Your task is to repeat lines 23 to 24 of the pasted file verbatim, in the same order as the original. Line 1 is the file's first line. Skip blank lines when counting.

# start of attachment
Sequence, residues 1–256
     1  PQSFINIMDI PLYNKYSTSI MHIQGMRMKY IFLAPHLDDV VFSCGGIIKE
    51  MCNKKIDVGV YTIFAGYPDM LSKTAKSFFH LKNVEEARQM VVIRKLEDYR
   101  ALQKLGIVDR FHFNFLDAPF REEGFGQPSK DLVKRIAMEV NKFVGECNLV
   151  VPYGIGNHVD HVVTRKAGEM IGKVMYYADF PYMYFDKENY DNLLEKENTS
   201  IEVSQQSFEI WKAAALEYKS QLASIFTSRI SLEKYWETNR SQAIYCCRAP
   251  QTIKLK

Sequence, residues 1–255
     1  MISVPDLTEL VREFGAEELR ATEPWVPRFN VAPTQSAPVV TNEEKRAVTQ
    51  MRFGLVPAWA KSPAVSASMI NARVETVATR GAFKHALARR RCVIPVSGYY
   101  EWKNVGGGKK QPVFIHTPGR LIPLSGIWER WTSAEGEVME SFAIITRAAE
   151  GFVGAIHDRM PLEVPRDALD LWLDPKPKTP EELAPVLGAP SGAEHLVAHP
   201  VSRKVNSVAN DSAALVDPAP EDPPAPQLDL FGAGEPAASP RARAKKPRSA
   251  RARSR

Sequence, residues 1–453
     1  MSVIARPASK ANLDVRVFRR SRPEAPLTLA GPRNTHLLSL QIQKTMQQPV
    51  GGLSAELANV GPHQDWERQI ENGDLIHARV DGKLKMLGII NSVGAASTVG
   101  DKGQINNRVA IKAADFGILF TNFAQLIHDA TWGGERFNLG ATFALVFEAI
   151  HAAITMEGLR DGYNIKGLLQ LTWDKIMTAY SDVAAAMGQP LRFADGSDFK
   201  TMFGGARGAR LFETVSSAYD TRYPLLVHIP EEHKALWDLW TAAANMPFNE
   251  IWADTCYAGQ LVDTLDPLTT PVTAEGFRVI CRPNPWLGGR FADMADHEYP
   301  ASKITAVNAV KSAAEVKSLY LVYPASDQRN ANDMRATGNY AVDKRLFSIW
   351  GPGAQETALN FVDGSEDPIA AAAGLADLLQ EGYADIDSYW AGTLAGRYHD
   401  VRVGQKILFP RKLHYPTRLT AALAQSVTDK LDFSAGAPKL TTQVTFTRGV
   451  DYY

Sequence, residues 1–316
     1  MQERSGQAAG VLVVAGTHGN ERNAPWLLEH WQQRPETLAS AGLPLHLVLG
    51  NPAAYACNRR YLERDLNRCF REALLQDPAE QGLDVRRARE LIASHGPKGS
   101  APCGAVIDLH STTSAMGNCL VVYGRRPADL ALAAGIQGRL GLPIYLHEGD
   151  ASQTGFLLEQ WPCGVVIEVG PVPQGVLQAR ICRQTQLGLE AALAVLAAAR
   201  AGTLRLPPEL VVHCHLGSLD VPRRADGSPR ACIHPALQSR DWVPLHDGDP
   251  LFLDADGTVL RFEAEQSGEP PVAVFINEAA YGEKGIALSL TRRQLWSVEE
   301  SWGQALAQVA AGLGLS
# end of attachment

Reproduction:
   351  GPGAQETALN FVDGSEDPIA AAAGLADLLQ EGYADIDSYW AGTLAGRYHD
   401  VRVGQKILFP RKLHYPTRLT AALAQSVTDK LDFSAGAPKL TTQVTFTRGV